Semicolon in a Debug.Print Statement

I had no idea this existed.

Sub testsemicolon()

Dim i As Long

For i = 1 To 5
Debug.Print i
Next i

For i = 1 To 5
Debug.Print i;
Next i

End Sub

It’s right there in the help for the Print # Statement, but I’ve never paid attention to it.

13 thoughts on “Semicolon in a Debug.Print Statement

  1. Interesting. I frequently write text to ASCII files and this could be handy. Although I do like format control one has by building a text string and printing the single item to a line.

  2. It’s been part of BASIC’s PRINT statement since the original version at Dartmouth College in the mid 1960s.

  3. I’m not sure how I’ll use this, but I’m definitely pleased to have learned it. Thanks!

  4. The comma works too.

    If you are using it, it’s good practice to follow the loop with a simple Debug.Print…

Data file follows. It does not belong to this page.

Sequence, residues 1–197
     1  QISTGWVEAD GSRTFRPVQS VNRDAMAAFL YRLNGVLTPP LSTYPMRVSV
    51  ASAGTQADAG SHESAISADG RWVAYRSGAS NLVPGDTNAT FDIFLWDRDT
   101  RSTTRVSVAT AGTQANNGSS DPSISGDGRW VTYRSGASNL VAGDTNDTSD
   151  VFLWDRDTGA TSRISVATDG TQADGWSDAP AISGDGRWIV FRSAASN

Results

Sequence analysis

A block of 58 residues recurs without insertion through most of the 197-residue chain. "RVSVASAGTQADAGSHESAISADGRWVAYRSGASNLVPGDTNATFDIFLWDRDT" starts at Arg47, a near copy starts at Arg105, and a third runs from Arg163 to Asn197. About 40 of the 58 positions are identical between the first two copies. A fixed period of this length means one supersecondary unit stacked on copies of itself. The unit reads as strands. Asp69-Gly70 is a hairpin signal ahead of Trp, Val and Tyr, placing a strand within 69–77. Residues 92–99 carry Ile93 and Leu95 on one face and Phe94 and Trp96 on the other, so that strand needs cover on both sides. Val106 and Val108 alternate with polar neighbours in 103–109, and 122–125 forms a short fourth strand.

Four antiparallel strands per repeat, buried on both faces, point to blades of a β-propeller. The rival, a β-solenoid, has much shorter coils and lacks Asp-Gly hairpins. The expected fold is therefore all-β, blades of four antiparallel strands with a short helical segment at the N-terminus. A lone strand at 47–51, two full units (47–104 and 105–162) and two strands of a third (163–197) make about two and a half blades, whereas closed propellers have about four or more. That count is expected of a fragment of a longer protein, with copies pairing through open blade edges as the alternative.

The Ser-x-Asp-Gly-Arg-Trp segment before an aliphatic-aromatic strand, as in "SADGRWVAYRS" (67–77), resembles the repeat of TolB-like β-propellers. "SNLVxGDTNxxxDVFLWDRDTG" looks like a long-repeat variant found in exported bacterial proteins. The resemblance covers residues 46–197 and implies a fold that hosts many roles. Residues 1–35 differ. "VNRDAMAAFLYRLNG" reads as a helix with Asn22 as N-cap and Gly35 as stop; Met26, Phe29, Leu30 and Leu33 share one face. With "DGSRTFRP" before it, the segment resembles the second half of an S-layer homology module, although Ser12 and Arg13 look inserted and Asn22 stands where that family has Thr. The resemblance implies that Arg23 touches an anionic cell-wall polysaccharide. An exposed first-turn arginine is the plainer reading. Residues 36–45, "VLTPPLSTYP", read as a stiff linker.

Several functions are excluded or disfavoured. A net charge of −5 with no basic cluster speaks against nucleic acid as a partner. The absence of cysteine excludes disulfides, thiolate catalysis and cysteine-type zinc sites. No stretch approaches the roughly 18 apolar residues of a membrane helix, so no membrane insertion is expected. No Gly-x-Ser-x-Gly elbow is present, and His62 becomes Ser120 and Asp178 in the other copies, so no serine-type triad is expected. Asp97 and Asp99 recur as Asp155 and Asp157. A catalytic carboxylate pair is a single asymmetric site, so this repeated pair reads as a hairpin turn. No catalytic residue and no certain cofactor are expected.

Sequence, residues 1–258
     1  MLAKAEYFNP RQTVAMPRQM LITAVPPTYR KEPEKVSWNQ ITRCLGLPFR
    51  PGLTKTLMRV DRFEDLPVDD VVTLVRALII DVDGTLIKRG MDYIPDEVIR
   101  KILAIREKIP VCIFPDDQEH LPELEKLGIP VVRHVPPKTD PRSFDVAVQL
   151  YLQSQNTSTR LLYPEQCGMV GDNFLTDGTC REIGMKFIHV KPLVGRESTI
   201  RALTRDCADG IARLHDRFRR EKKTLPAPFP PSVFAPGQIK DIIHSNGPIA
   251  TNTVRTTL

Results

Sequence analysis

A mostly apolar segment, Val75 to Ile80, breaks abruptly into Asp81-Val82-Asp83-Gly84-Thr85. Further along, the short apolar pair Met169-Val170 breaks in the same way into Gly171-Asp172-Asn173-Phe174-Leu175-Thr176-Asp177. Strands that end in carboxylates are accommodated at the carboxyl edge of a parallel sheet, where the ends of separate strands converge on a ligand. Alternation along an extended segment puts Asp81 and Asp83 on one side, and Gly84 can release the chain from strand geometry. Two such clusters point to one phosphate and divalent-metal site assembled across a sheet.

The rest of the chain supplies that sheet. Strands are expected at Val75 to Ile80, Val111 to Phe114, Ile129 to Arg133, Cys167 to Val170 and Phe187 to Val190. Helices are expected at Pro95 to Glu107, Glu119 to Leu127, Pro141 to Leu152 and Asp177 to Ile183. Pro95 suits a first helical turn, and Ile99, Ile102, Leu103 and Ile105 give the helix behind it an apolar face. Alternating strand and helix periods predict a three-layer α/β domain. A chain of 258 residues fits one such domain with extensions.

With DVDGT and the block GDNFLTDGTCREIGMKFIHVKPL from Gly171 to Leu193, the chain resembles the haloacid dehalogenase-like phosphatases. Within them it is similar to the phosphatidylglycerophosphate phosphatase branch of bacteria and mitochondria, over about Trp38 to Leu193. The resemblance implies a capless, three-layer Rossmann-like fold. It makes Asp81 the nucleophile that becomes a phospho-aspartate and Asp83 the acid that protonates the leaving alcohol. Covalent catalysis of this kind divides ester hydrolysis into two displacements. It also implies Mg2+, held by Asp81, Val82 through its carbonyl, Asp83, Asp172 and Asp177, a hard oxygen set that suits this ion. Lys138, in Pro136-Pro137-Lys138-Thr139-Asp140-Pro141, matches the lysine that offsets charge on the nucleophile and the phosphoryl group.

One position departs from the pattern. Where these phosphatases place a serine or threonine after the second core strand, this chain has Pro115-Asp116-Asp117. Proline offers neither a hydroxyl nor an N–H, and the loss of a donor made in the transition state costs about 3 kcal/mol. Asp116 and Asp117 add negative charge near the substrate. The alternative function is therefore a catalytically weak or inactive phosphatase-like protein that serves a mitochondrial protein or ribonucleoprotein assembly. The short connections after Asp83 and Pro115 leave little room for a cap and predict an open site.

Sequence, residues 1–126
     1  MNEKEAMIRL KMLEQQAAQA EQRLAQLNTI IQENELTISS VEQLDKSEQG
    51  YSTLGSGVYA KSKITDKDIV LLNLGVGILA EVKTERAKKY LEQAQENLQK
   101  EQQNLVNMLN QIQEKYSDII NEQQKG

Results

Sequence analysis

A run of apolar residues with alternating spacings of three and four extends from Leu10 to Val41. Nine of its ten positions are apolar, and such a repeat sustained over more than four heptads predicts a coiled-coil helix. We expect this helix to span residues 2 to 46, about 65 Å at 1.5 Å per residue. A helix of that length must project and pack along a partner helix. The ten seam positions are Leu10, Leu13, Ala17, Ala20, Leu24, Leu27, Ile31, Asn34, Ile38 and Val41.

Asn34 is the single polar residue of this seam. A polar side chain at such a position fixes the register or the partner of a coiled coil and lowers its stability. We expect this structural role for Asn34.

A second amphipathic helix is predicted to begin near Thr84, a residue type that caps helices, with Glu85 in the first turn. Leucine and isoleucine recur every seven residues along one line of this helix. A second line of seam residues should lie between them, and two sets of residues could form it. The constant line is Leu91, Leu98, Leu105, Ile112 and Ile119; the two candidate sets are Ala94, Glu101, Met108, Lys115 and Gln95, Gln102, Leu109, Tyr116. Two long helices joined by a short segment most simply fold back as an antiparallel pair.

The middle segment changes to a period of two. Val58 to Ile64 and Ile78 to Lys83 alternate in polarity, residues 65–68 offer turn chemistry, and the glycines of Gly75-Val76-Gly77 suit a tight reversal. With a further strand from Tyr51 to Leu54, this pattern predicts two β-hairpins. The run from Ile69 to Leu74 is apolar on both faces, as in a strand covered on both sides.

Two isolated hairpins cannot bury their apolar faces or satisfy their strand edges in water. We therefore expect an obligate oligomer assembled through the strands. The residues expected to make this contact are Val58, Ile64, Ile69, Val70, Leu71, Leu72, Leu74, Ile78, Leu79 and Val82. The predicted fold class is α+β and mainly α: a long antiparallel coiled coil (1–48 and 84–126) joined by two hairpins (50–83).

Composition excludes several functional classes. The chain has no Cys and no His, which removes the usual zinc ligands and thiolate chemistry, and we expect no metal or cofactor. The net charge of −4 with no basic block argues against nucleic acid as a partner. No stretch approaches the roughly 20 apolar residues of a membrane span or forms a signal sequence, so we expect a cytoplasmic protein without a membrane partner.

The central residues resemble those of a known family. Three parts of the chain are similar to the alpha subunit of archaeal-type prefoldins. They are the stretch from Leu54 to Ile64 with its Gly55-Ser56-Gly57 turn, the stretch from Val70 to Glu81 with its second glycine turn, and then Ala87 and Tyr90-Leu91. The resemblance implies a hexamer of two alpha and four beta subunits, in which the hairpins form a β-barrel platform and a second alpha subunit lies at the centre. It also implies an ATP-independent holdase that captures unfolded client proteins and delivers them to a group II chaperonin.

5. @Mpemba –

    Yes, commas work too, just as the origial BASIC manual from 1965 says they do. Cudos to MSFT for not changing this, er, basic functionality.

  6. I used them as a schoolboy in the mid 70s when I started programming in BASIC; and in recent years in VBA.

  7. I am guessing that you never used the Tab or Spc functions then. I am pretty sure suppressing the newline by using a semi-colon was originally introduced (oh so many years ago now) so that one could chain together data along with the crude formatting capabilities offered by the Tab and Spc functions when printing to a file.

  8. QBASIC had PRINT USING, and I believe I recall BASICA did too, but I don’t believe VBA ever did. PRINT USING was what one used to format printed output in the dark ages of BASIC.

    Quibble: VBA’s print zones are 14 chars while original DTSS BASIC print zones were 15 chars.

  9. As others haves stated, this has been part of BASIC. So I’m just shocked people are discovering this now. ;-)

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